Timothy W. Tuttle & Associates
Volume 4 Edition 5 Please email comments to email@example.com May 2008
Major Tax Deadlines
For May 2008
* May 15 - Deadline for calendar-year
exempt organizations to file 2007 information returns.
* May 31 - Deadline for IRA, SEP, SIMPLE, Roth IRA, MSA, and education savings account trustees to file annual statements (Form 5498) with the IRS, with copies to participants.
NOTE: Businesses are required to make federal tax deposits on dates determined by various factors that differ from business to business.
Payroll tax deposits: Employers generally must deposit Form 941 payroll taxes (income tax withheld from employees' pay and both the employer's and employees' share of social security taxes) on either a monthly or semiweekly deposit schedule. There are exceptions if you owe $100,000 or more on any day during a deposit period, if you owe $2,500 or less for the calendar quarter, or if your estimated annual liability is $1,000 or less.
* Monthly depositors are required to deposit payroll taxes accumulated within a calendar month by the fifteenth of the following month.
* Semiweekly depositors generally must deposit payroll taxes on Wednesdays or Fridays, depending on when wages are paid.
For more information on tax deadlines that apply to your business, contact our office.
What's New in Taxes
Tax scam warnings
The Justice Department's Tax Division recently announced the creation of a national "tax defier" initiative to "investigate, pursue, and, where appropriate, prosecute those who take concrete action to defy and deny the fundamental validity of the tax laws." The IRS reminds taxpayers to be wary of scams and promises to avoid paying taxes that seem too good to be true, saying "There is no secret formula that can eliminate a person's tax obligations."
Taxpayers also need to be alert to tax-related scams designed to steal their identity for fraudulent purposes.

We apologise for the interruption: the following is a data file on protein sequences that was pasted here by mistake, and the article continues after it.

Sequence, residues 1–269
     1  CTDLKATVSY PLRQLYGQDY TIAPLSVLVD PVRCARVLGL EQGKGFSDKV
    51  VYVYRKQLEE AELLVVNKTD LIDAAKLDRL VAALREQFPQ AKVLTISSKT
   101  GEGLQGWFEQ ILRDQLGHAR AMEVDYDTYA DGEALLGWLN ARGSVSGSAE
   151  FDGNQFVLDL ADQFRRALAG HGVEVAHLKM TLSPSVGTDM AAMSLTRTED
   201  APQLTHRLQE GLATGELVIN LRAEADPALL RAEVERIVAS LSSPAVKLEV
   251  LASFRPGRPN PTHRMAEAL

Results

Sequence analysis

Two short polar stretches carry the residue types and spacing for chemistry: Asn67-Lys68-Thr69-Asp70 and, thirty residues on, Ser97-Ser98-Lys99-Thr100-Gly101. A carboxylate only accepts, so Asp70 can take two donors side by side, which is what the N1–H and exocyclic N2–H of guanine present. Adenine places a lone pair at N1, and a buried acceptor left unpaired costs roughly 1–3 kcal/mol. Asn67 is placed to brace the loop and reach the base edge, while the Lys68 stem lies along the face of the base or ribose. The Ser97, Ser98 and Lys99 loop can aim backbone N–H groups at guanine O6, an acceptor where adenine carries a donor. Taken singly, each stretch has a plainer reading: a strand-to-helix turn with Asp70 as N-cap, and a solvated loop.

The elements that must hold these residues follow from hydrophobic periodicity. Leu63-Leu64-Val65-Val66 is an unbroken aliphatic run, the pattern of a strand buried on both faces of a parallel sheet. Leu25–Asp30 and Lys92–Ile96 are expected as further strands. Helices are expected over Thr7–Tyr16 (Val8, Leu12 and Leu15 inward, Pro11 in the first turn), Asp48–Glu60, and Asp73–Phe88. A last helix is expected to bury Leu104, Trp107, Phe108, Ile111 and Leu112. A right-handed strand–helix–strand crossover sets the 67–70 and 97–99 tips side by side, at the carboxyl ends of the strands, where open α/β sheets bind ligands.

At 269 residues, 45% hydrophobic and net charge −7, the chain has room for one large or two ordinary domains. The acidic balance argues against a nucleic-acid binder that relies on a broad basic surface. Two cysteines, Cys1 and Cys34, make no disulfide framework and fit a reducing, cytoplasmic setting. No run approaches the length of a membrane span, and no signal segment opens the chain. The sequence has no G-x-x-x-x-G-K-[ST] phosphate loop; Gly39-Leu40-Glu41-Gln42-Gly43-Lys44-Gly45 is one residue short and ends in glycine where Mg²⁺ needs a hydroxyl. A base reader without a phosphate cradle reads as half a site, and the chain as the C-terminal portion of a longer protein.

You may be able to find tax-saving options in new 2008 rules
The tax law seems to change year-to-year. This year is certainly no exception. With careful planning, you can take advantage of new tax-saving opportunities in 2008 while avoiding potential pitfalls. Here's a summary of several key provisions.
* Capital gains and dividends
The maximum tax rate on net long-term gain and qualified dividends for taxpayers normally in the 10% or 15% regular income tax brackets is reduced from 5% to 0% for 2008. Under current law, the 0% rate will remain in effect through 2010.
This may be a good year to have your children sell securities that have appreciated in value. However, such sales may trigger "kiddie tax" complications.
This tax break isn't strictly limited to lower-income taxpayers. If you can push your taxable income for 2008 below the cut-off point for the regular 25% tax bracket - perhaps by increasing charitable gifts or 401(k) contributions - your long-term capital gains and dividend income could qualify for the 0% rate.
* Small business assets
Under the new economic stimulus law, your business can currently deduct up to $250,000 of business assets placed in service in 2008. Previously, the inflation-indexed amount for this "Section 179 deduction" was $128,000. In addition, a business may elect "bonus depreciation" in 2008 equal to 50% of the cost of qualified assets.
If handled correctly, your business can combine the enhanced Section 179 deduction with bonus depreciation. Regular depreciation deductions may be claimed for any remainder.
* Mortgage insurance
Congress previously approved a one-year deduction for mortgage insurance premiums in 2007. A full deduction was available for taxpayers with an AGI of $100,000 or less. Once income exceeded $100,000, the deduction was phased out.
The new mortgage relief law extends this tax break for three years through 2010. Therefore, you may qualify for a 2008 deduction for amounts paid or accrued this year.
* Kiddie tax
Under the kiddie tax, a child's investment income above an annual threshold ($1,800 for 2008) is taxed at the top tax rate of his or her parents. Prior to this year, the kiddie tax applied to children under age 18. But now the rules have changed.
Beginning in 2008, the kiddie tax generally applies to your children who are under age 19 or full-time students under age 24 if they can be claimed as your dependents.